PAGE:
When we were asked in class to discuss our “alarms” in Fledgling, I was relieved to have that discussion, as I found several aspects of the novel extremely problematic and difficult to read. My main issues were with Wright’s relationship with Shori and the question of both parties’ ability to consent to a sexual relationship. Wright’s ability to consent to Shori’s advances is clearly questionable, due to his addiction to and biological dependence on her venom. Although their relationship may seem mutually beneficial, it raises the question of whether he was an active party or whether he was effectively drugged into compliance. Does their relationship consequently constitute rape on Shori’s part? This question alone was perturbing enough, but the addition of the pedophilic undertones in their relationship provoked the additional concern of whether Wright, despite Shori’s mental age, was essentially complicit in statutory rape.
Shori’s bite eliminates the autonomous choices of the humans around her. The drug-like effect of her venom intoxicates them, and this compromises their ability to genuinely consent. There is a disproportionate distribution of power between the Ina and humans. And despite Shori’s apparently genuine affection for Wright, she recognizes the power she wields over humans and uses this to her advantage. For example, on page 36, when someone knocks on the door to the room that Shori and Wright are in, she says that it’s no problem because if they come in she can just bite them, and they’ll be alright with what’s happening. Shori clearly understands not only the effect she has on humans, but also the benefits that this effect provides her. When Shori said “I heard consent in his voice” , I literally cringed. This is an unnecessary and disturbing justification on Shori’s part, as she is fully aware that her intoxicating effect on Wright will allow her to do almost anything she wants to him. This idea of tactic consent is even more disturbing when one takes it out of the context of a piece of science fiction and examines the prevalence of this thought as a justification for rape in the “real world.”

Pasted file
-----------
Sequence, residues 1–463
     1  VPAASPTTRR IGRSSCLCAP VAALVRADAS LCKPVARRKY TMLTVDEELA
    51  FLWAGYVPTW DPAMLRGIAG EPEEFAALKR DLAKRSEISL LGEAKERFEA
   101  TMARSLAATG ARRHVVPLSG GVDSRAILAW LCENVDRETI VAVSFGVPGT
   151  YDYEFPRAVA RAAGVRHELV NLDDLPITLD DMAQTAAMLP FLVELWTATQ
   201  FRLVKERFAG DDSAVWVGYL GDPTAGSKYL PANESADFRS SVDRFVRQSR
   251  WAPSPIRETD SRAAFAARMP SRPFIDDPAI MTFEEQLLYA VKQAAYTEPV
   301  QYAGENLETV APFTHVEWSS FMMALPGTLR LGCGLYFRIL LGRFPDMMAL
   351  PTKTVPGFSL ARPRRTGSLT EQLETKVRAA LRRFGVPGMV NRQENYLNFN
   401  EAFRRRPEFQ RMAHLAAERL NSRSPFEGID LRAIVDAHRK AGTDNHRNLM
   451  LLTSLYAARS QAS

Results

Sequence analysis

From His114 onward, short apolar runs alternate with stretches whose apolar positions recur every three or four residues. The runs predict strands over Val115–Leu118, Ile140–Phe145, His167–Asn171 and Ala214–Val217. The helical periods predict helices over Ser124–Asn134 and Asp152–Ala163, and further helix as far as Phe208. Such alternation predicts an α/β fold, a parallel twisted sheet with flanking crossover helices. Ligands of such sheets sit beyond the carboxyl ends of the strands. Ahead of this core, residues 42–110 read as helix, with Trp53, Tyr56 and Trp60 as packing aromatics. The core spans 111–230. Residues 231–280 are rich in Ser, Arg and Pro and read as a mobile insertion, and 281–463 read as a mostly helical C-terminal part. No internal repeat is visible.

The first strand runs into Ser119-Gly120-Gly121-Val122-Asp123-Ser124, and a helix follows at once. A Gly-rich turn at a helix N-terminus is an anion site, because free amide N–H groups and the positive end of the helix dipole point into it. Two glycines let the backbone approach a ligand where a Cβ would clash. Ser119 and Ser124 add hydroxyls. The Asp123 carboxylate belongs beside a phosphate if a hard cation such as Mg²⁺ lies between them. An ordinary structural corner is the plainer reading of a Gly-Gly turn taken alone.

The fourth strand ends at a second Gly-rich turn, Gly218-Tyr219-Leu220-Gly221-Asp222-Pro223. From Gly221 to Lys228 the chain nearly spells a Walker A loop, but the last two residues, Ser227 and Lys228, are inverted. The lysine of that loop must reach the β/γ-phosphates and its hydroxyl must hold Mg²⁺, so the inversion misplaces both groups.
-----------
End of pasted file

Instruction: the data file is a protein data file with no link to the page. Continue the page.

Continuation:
Ultimately, the issue of consent in this novel raised more questions than answers for me. Does genuinely caring for her symbionts justify Shori’s inherently coercive relationships with them? Can Shori ever have non-problematic sexual relationships with another person? And if not, does her need to bite humans for sustenance permit her to engage in these acts without moral repercussion? I am still working through these questions and Butler’s intentions.
However, although Wright may not be able to fully consent, his relationship with Shori still seems immoral on his part due to the pedophiliac connotations of a grown man having sex with a person who physically appears to be only 10. Shori may be 53, and consequently an adult capable of consent, but her physical appearance makes Wright’s attraction to her incredibly disturbing. Even he is aware of the problematic nature of the sexual relationship between the two: on page 12 he tells her “You are way too young. Jailbait. Super jailbait.” Despite acknowledging the inappropriateness of their relationship, he still engages in it, albeit under the influence of Shori’s venom.
These interactions may be permissible within the context of the plot, but as a reader, visualizing their sexual interactions disturbed me. I cannot rectify Wright’s attraction to Shori as being a result of Shori’s chemical influence over him when this type of attraction is so prevalent, disturbing, and destructive in contemporary society. If the reader is to accept their relationship as permissible due to Shori’s mental age, they further the frequently used excuses in cases of statutory rape that “they acted older than they were” or “they were mature for their age.” These traits in a child do not justify an adult’s sexual relationship with them, and although they may be literally true in Shori’s case, it is important for the reader to critically examine Wright’s attraction to her. Butler must have been conscious of the reaction she would provoke in the reader by illustrating these scenes, leading me to question what her intent was.